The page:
At least 96 people have been killed in Nigeria after several villages were attacked by nomadic herders in a land dispute.
The massacre took place in the province of Benue, near the country's middle belt region, and is suspected to have been carried out by Fulani herdsmen.
A senior military officer said fighting around five villages lasted several days in the Logo local government area of Benue.
Police spokesman Austine Ezeani said a mobile police unit was deployed to the area.
Nigerian troops fought militiamen in early May after dozens were killed in villages on the border of middle belt states Plateau and Taraba.
The first sign that one is entering Boko Haram's self-declared "caliphate" in north-east Nigeria is that there are no signs. All around the town of Michika, which fell to the sect in September, gunmen have daubed black paint over signs written in English, be it advertising a local church or simply giving directions to the next town.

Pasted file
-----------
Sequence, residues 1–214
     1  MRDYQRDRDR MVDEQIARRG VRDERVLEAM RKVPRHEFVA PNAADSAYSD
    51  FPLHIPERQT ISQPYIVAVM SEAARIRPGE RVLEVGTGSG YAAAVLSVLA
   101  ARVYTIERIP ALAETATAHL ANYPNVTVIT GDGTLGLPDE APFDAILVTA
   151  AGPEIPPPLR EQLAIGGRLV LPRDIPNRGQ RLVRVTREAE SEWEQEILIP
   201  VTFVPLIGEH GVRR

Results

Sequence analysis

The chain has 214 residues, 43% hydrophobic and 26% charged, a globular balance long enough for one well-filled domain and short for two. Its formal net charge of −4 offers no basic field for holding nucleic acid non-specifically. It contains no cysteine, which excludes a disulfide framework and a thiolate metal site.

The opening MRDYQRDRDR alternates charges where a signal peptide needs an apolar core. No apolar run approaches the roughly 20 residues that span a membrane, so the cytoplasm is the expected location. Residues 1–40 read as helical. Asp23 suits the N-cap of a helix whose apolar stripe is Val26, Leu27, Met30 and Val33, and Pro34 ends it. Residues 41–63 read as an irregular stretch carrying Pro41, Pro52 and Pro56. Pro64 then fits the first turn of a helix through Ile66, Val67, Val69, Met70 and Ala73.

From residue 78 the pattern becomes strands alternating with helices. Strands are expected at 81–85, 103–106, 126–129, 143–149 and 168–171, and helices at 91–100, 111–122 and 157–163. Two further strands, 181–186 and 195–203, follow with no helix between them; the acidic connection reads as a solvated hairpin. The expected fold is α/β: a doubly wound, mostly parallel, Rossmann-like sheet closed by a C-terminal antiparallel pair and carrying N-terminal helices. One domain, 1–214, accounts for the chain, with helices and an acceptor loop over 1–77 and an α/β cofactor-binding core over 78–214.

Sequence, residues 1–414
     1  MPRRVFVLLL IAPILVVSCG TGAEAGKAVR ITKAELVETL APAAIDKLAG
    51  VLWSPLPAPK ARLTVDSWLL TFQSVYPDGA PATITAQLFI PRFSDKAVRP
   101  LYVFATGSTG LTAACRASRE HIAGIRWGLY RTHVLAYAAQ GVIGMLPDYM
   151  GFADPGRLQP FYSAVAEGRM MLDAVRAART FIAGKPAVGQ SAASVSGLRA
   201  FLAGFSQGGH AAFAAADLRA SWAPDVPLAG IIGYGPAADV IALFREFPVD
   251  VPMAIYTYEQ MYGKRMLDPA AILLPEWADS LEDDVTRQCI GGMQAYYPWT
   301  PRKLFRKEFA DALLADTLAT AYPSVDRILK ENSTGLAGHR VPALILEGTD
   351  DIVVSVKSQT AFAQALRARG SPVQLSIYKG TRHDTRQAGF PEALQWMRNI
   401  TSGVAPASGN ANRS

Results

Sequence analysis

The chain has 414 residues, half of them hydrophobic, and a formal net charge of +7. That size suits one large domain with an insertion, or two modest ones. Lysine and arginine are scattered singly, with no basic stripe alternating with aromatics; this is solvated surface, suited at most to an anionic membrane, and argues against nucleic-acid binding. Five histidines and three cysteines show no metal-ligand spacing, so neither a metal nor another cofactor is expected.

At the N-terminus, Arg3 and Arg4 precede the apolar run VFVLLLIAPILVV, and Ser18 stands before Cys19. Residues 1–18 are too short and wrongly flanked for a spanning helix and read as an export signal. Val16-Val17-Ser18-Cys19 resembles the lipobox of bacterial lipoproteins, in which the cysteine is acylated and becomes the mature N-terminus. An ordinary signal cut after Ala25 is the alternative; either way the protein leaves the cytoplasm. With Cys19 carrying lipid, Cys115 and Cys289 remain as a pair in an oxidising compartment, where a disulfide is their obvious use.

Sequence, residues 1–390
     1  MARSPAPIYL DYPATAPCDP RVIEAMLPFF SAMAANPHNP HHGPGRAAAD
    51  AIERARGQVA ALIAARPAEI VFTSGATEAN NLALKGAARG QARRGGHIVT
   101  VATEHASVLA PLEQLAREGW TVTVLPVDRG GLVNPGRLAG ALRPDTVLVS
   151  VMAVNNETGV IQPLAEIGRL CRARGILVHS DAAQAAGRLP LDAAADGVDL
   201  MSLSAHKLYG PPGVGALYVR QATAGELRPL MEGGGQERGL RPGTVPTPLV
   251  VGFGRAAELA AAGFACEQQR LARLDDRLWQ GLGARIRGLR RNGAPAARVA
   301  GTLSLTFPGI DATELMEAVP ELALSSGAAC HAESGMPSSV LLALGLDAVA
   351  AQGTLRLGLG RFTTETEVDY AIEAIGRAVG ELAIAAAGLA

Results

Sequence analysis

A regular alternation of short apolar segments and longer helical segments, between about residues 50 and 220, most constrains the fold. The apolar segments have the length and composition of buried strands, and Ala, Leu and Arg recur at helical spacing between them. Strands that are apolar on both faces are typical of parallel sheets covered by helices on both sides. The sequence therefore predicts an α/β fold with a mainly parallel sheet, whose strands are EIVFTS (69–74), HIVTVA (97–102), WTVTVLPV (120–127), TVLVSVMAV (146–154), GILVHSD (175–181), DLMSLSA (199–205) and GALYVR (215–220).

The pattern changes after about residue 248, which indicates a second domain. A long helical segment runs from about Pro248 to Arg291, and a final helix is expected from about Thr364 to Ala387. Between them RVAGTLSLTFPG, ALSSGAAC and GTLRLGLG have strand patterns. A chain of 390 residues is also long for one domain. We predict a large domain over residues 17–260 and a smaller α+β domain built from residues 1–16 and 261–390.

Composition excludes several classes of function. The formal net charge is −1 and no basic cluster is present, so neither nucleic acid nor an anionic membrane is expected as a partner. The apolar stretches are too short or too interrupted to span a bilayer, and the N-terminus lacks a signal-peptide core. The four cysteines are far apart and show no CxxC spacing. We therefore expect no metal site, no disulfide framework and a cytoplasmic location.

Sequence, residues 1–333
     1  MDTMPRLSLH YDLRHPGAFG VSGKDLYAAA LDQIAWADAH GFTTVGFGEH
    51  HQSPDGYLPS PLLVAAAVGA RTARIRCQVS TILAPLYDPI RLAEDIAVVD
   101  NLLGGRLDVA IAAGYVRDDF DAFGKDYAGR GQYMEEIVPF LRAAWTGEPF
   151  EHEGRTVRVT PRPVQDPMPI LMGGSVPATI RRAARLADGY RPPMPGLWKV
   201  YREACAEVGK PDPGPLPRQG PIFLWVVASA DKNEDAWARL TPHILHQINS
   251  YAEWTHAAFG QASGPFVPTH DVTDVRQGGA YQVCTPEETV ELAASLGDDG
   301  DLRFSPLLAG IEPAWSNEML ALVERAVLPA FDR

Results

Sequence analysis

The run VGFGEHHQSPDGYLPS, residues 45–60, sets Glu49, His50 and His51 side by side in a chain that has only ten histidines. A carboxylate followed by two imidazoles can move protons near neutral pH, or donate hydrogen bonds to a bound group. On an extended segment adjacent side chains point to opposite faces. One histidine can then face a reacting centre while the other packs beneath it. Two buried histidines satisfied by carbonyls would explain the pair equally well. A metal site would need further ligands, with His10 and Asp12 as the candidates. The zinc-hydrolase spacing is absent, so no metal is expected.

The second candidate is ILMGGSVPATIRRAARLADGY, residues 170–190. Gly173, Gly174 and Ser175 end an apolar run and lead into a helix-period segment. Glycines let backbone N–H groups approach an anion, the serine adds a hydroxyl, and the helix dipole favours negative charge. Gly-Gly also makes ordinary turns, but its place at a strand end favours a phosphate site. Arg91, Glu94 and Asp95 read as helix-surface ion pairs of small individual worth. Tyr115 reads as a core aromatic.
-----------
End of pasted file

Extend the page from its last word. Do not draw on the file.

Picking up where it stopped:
With their roots in South Africa apartheid-era security forces, they do not fit the standard image of an army of liberation. But after just three months on the ground, a squad of grizzled, ageing white mercenaries have helped to end Boko Haram's six-long year reign of terror in northern Nigeria.